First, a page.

In spite of the ongoing debate about the oncologic safety of fat grafting (FG) most plastic surgeons tend to believe that the benefits outweighs the risks (1,2). The use of FG in breast conserving, reconstructive and aesthetic breast surgery escalates at a rapid pace. The main indications for FG are correction of shape and volume. However, despite this, there is still no consensus about the optimal FG technique (3).
The purpose of this paper is to share our experience using a simple and fast sedimentation based FG technique.
Patients and methods
This retrospective study included 176 women undergoing FG of the breast between March 2010 to July 2014 at the Departments of Plastic Surgery, Lillebaelt Hospital, Denmark and Telemark Hospital, Norway. We recorded patient demographics, indications for surgery, operative time, number of procedures, donor site, fat volume, types of complications and time to follow-up.
The majority of procedures were performed in general anaesthesia using a solution of epinephrine 1:1,000,000 per liter of saline for tumescence. When performed in local anaesthesia we used Klein’s solution for FG containing 0.05% to 0.1% lidocaine, epinephrine 1:1,000,000. Two similar techniques were used for fat harvest, one using syringes, the other using a liposuction device in combination with a canister. In the visualized surgery (Figure 1) we used a liposuction device connected to a disposable collection canister (Shippert Medical, USA) for collection of the fat graft.
The fat and water phase were separated by sedimentation in 60 mL syringes for approximately 5-10 minutes, simply because this seems to be the time it takes for the liquid and fat phase to separate. The ratio between fat and liquid after sedimentation was usually 45:55. The excess liquid was then removed leaving the fat, which was then transferred to 10-20 cc syringes for grafting.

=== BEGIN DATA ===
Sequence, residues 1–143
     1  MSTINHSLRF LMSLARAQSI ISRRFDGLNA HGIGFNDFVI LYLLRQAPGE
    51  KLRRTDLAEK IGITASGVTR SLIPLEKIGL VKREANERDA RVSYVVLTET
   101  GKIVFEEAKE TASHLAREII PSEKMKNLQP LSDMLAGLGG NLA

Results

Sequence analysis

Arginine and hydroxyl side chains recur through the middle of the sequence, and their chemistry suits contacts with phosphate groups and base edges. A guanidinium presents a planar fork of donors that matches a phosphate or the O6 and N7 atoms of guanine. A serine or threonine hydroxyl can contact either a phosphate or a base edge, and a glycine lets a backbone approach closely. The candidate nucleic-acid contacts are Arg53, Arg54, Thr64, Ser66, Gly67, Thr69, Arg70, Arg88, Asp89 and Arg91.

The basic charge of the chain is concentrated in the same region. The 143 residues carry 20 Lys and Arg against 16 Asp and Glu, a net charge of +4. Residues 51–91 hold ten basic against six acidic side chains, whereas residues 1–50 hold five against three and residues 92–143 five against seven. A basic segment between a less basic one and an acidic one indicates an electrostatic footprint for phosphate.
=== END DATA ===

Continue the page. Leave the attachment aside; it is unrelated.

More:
The skin was perforated using an 18-gauge cannula allowing for injection of the FG to the breast in the subcutaneous and subglandular plane. Needle dermatofascial release was performed using 18-gauge cannulas or a V-shaped dissection cannula for release of dermatofascial adhesions and scar tissue.
We performed 348 FG’s of the breasts in 176 patients aged 53 (range, 22-71): 19.8% were smokers (35/176), 9% were hypertensive (16/176) and 2% had diabetes (3/176). The FG’s were performed to correct shape and volume following; delayed breast reconstruction (DBR) in 35% (123/348), immediate breast reconstruction 30% (104/348), disfiguration due to scar tissue and/or following breast conserving surgery (BCS) in 21% (73/348) (Figure 2). The remaining 14% (48/348) were correction for correction of breast asymmetry, tuberous and constrictive breast conditions (Table 1).
The FG procedure can be performed in 30 minutes by experienced surgeons in most cases. In this series 43% (75/176) had one FG and 57% (101/176) had multiple (range, 2-8). The abdomen was the preferred donor site, 83% (289/348) followed by the flanks/back 26% (90/348), thighs 19% (65/348), ipsi- and contralateral thorax 7% (23/348) and arms 3% (10/348). In the majority of cases one region was used as donor site, but in skinny patients more regions was necessary. The median volume fat harvested was 270 mL (range, 50-750 mL) and volume injected 120 mL (range, 20-375 mL). Minor complications occurred in 2% (8/348) of procedures, necrosis 0.5% (2/348), local infection 0.1% (1/348) and asymptomatic oil cysts 1.5% (5/348).